The student-led movement to end mass atrocities.

Writing Op-Eds

Op-Eds (referring to the page opposite of the editorial page) refer to articles written expressing the author’s opinion. They are longer than letter to the editors and allow for more opinion, but can be harder to get printed in a paper.

Here are some tips that will help you get your column in the paper:

  1. Know the paper’s style. Every paper has different expectations. The average is usually from about 400 – 750 words, but look at the op-eds in your paper to see what is typical; don’t exceed that. Be careful to follow all requirements set by newspaper.

  2. Pull people in. Op-eds should begin with a lead, similar to that of a feature piece in a newspaper, which grabs the reader and pulls him in to the piece. You can be more stylistic in op-eds than in letters or press releases, but the language should remain straightforward. Offer the statistics on the situation in Darfur, or present a personal narrative of a survivor.

  3. Look into ghostwriting. Ghostwriting refers to writing a column that another person signs. Because op-eds are difficult to get printed, it may be a good idea to ask a local celebrity or elected to sign an op-ed that you ghostwrite.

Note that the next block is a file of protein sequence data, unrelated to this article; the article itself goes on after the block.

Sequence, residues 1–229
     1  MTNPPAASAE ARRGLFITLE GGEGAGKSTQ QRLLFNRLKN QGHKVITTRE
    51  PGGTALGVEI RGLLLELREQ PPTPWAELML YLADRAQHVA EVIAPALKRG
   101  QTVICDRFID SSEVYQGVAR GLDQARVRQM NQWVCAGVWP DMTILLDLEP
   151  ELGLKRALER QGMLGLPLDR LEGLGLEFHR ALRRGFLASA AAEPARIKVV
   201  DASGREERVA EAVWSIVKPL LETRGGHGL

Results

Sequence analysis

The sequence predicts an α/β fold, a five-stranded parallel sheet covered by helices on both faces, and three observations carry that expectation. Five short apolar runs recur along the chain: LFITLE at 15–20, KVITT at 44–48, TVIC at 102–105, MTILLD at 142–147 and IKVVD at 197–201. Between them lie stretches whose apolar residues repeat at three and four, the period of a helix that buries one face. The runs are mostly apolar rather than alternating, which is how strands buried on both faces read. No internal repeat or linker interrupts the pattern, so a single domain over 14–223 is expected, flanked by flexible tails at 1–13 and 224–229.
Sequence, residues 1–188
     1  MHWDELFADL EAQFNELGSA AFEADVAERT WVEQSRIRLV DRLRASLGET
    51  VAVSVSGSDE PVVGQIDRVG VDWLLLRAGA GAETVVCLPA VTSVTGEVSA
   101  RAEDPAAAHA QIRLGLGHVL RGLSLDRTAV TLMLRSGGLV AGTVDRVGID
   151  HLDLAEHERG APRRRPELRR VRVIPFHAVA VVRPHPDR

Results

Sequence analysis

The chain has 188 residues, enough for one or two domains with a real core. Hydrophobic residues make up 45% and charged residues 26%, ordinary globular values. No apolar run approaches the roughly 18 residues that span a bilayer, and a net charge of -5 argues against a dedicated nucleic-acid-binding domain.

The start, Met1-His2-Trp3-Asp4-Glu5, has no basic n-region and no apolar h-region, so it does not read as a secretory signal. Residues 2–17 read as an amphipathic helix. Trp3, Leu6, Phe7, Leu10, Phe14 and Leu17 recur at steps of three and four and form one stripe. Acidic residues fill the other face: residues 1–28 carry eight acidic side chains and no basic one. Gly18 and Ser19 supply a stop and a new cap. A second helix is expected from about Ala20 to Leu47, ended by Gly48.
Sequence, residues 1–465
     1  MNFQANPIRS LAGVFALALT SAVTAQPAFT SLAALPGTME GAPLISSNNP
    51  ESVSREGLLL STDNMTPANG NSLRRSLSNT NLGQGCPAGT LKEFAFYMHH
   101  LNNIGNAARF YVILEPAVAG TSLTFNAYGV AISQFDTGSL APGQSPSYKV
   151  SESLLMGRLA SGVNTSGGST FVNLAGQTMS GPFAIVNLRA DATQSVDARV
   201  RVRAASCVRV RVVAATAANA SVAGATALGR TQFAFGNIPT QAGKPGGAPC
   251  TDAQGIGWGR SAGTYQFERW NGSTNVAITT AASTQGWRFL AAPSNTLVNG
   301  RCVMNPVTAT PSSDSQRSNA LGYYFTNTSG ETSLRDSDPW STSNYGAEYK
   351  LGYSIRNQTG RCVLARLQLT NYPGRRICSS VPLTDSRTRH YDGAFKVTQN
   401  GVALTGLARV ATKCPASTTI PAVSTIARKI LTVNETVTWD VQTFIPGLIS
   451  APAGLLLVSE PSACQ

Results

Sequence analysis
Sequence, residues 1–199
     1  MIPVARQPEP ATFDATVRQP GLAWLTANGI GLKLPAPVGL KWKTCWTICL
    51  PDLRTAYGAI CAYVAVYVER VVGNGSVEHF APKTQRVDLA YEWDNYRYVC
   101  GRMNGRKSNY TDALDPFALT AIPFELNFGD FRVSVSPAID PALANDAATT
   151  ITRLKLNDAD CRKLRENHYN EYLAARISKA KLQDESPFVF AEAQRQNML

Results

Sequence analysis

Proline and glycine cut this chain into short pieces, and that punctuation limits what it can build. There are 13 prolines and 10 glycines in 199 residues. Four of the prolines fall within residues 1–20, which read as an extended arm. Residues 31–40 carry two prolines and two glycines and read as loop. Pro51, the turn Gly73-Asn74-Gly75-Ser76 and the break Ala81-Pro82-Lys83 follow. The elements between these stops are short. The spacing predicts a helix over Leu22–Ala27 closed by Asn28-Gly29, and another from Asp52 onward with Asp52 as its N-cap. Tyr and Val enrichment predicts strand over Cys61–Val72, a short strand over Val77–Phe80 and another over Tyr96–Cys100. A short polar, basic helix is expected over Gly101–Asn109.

4. Keep it timely. Be careful that you don’t just give basic background about the genocide; try to focus on the most current aspect of the genocide and the policies being debated. Unlike letters, op-eds do not have to always be written in response to something specific, but they should still be referencing the situation in the most current way possible.

  5. Mention your elected officials. Always try to bring up your elected officials, praising or criticizing them for their action to end genocide, and give specific steps that the official can take next. Writing about elected officials may make it more likely for an op-ed to get printed.

  6. It’s okay to provide lists. Many effective op-eds include lists of steps that the reader (or elected officials) should take. For example, well-known writer Nick Kristof often includes a list of steps that President Bush should take to stop the genocide. Students can do the same for locally elected officials in Congress or the state legislature, as well as for members of a school administration.

  7. Include a website. Along with steps to take, readers should be presented with a website to go to in order to learn more about the genocide and what they can do to stop it. Telling readers to go is an easy way of doing this.

  8. Include your contact info. Editors usually have to call you to confirm authorship, so don’t forget to include your phone number in your submission.

Ask STAND for help. If you want guidance while writing an Op-Ed, or just want another pair of eyes to take a look at it, e-mail with your column.